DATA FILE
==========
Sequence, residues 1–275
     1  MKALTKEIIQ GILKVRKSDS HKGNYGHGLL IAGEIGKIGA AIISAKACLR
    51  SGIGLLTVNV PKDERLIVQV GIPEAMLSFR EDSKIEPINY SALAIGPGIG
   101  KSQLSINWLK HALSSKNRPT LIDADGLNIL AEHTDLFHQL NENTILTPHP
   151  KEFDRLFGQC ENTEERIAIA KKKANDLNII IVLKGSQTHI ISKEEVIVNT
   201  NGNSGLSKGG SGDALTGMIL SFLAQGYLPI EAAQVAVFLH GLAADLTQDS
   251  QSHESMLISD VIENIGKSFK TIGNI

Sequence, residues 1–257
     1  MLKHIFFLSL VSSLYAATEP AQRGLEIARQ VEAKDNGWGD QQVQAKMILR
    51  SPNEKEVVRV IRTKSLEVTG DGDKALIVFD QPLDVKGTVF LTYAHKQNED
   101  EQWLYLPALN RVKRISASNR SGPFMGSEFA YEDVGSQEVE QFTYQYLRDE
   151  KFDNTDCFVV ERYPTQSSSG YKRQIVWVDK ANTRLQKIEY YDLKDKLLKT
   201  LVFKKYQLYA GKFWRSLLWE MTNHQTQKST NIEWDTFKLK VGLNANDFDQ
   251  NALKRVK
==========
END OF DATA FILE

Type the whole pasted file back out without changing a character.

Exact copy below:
Sequence, residues 1–275
     1  MKALTKEIIQ GILKVRKSDS HKGNYGHGLL IAGEIGKIGA AIISAKACLR
    51  SGIGLLTVNV PKDERLIVQV GIPEAMLSFR EDSKIEPINY SALAIGPGIG
   101  KSQLSINWLK HALSSKNRPT LIDADGLNIL AEHTDLFHQL NENTILTPHP
   151  KEFDRLFGQC ENTEERIAIA KKKANDLNII IVLKGSQTHI ISKEEVIVNT
   201  NGNSGLSKGG SGDALTGMIL SFLAQGYLPI EAAQVAVFLH GLAADLTQDS
   251  QSHESMLISD VIENIGKSFK TIGNI

Sequence, residues 1–257
     1  MLKHIFFLSL VSSLYAATEP AQRGLEIARQ VEAKDNGWGD QQVQAKMILR
    51  SPNEKEVVRV IRTKSLEVTG DGDKALIVFD QPLDVKGTVF LTYAHKQNED
   101  EQWLYLPALN RVKRISASNR SGPFMGSEFA YEDVGSQEVE QFTYQYLRDE
   151  KFDNTDCFVV ERYPTQSSSG YKRQIVWVDK ANTRLQKIEY YDLKDKLLKT
   201  LVFKKYQLYA GKFWRSLLWE MTNHQTQKST NIEWDTFKLK VGLNANDFDQ
   251  NALKRVK